AOL tests open source browser, server software

America Online (AOL) is undergoing a taste test of several open-source software products to run various parts of its Internet service, a move seen by some as the beginning of its shift away from Microsoft Corp.'s Web-browsing software and from Unix on its servers.

The company, a subsidiary of AOL Time Warner Inc., last week began testing new software to run the Web browser that accompanies its AOL Internet service software, said Jim Whitney, a company spokesman.

Employing technology developed by its subsidiary Netscape Communications Corp. and by open-source software contributors, AOL has shipped a test version of its AOL Internet-service software without browser technology formerly provided by AOL rival Microsoft. The AOL Internet service-software is the software used by AOL subscribers to connect to the Internet and access the proprietary AOL Internet service.

The browser in this test version of the AOL software is powered by what is known as the "Gecko" engine, which is the technology responsible for allowing Web pages to be displayed in a browser. The Gecko engine is being tested with version 7.0 of the AOL Internet-service software and takes the place of Microsoft's Internet Explorer browser.

"It is technology that we've continued to develop over the past few years," Whitney said.

In addition to powering the Netscape browser since Version 6.1, Gecko is also at the core of an open source Web browser called Mozilla. With a number of Netscape programmers contributing to that project, the Mozilla browser is gaining steam as a popular browser, and is included in such desktop software packages as Red Hat Inc.'s Linux operating system distribution.

It is too early to tell whether AOL is considering making a full-blown switch to the Gecko engine, Whitney said. If it did, the move would bring an end to another aspect of AOL's rocky relationship with Microsoft .

In June, the companies ended a years-long deal in which AOL used Internet Explorer as its default browser in order to have Microsoft place AOL's Internet service-software icon on the Windows operating system desktop. Netscape has also filed a private antitrust suit against Microsoft, related to the U.S. government's antitrust case against the software maker.

While the switch from Internet Explorer to Gecko would make a notable mark in the relationship of the two companies, the change in AOL's Internet Service software will not likely be noticed by users, Whitney said.

"We try to make our technology pretty invisible," he said.

In addition to its test work replacing its browser technology with software developed by the open source community, the Internet company is also installing Linux software on its servers, Whitney said.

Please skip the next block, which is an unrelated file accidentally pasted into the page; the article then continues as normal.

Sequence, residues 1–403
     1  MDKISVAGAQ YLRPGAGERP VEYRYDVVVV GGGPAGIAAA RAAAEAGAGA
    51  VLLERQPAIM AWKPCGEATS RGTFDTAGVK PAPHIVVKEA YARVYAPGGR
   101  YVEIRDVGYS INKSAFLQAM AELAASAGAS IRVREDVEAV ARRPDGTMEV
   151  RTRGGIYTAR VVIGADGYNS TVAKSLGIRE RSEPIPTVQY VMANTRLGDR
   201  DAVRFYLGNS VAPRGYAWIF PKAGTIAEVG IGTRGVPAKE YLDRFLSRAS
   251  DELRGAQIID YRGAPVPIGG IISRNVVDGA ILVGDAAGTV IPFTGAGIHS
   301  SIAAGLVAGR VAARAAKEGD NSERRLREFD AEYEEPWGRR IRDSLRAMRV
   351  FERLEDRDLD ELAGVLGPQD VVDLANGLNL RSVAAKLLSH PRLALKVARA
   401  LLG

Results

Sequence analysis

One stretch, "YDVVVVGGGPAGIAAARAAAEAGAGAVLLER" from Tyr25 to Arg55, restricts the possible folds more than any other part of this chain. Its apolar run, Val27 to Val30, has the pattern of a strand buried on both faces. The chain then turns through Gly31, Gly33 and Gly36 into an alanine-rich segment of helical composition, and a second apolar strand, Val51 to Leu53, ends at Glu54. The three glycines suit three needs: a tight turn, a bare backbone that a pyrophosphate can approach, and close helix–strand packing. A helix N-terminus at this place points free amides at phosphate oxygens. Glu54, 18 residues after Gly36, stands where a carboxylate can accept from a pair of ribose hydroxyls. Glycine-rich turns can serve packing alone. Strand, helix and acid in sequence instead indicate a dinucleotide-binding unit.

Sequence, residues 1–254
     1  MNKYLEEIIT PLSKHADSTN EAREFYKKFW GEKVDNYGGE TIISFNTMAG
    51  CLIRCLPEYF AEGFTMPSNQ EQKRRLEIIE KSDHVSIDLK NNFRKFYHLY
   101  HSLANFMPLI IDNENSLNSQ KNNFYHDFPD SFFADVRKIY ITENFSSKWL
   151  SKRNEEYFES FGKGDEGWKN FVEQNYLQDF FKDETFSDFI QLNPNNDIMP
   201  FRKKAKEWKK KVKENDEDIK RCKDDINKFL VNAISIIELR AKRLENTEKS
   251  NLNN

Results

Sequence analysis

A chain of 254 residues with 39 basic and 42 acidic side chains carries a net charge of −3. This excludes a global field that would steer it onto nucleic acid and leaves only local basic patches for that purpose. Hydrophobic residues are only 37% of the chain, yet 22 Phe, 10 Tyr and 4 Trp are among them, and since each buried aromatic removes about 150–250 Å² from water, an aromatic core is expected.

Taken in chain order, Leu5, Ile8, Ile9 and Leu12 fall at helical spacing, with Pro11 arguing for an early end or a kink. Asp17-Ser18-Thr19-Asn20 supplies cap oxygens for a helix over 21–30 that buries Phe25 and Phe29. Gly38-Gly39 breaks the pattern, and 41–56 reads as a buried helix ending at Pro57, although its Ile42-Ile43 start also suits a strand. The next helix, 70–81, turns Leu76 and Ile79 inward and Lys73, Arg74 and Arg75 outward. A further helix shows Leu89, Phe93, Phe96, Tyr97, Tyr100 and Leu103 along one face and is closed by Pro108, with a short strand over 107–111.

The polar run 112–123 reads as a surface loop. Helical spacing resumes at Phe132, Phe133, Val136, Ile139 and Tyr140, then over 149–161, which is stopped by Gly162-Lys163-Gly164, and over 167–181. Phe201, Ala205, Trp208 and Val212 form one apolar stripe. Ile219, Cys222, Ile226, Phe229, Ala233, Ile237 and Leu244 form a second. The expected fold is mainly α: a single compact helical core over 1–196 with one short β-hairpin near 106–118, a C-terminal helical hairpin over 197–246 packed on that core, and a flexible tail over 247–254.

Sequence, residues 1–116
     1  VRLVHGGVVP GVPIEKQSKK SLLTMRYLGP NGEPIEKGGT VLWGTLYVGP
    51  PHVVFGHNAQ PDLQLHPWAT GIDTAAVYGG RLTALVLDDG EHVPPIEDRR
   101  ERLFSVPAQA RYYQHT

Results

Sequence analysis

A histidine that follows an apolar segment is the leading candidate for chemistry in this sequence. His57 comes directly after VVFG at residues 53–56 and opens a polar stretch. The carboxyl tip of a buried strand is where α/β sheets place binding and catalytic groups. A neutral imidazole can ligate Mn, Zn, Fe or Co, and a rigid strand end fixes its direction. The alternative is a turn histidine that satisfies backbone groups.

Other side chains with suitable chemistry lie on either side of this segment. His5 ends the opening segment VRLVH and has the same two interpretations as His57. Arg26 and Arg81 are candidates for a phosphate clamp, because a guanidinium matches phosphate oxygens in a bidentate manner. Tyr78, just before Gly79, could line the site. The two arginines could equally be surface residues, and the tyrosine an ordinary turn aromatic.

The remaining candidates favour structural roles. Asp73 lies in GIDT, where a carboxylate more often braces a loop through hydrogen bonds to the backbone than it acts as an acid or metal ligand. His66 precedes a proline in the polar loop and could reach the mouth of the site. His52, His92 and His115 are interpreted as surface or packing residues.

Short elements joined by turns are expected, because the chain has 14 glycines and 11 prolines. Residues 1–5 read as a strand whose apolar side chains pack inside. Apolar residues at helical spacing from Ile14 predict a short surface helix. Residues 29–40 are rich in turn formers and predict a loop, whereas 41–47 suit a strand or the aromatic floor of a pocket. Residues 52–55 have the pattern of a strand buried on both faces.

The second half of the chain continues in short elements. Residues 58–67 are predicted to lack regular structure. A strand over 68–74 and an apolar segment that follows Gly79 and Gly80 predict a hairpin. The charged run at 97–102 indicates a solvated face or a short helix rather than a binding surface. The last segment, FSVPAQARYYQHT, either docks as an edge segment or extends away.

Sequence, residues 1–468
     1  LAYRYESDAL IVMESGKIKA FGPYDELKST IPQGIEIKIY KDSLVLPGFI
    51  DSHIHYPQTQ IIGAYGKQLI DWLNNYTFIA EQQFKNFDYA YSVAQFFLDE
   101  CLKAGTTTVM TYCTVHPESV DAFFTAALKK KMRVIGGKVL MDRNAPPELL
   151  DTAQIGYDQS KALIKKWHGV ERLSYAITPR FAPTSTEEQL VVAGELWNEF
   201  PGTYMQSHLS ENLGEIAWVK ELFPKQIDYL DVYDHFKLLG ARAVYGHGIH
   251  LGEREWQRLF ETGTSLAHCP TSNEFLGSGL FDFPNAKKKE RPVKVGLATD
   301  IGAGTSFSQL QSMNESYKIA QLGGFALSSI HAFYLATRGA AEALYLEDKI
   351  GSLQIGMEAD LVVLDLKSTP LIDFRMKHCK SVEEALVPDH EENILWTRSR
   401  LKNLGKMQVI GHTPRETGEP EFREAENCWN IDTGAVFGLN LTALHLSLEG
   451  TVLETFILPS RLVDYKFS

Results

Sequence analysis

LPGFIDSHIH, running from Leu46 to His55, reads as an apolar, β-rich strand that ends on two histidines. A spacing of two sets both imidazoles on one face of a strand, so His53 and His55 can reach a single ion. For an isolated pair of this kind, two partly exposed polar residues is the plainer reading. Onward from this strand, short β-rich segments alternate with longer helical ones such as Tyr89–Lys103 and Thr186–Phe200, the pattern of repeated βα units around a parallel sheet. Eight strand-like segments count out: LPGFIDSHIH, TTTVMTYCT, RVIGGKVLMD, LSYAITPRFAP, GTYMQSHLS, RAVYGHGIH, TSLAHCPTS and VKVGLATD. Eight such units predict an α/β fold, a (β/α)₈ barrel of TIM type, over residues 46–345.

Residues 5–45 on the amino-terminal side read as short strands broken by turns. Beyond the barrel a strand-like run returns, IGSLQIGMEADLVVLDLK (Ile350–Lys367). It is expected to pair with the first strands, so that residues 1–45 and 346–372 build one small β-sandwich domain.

Most of the servers running AOL's back-end systems run Unix, an operating system that has long been capable of handling the heavy traffic and providing the computing power necessary for managing large corporate computer systems.

Rumors have surfaced that AOL's foray into the Linux world may be due to some technical help from Raleigh, North Carolina-based Red Hat. Reports of various dealmaking between Red Hat and AOL have come up in the past -- once in January when the Washington Post reported that AOL could be in talks to acquire the Linux vendor.

"If a deal were to be struck between Red Hat and AOL, (a service contract) is the most likely form it would take," said Brent Williams, a research analyst with New York investment bank McDonald Investments Inc.

In January, Williams authored a research note titled "RHAT Bought by AOL? Before or After Space Aliens Bear Elvis' Love Child," joining the chorus of executives and analysts who doubted a takeover bid.

Whitney would not comment on whether or not AOL was entering into a services relationship with Red Hat but said that such a deal would not be inconceivable.

"We do relationships of all kinds," he said. "To Red Hat it would be a decent contract."

In an interview last week, Red Hat's Chief Technology Officer Michael Tiemann was also tight lipped about AOL as a possible Red Hat customer. However, he said the company will announce earnings for the fiscal fourth quarter 2001 on Tuesday, a forum where Red Hat typically announces major customer wins.

"If there is anything to announce that is when we typically report our latest enterprise news and key customers," Tiemann said.

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Matt Berger

PC World
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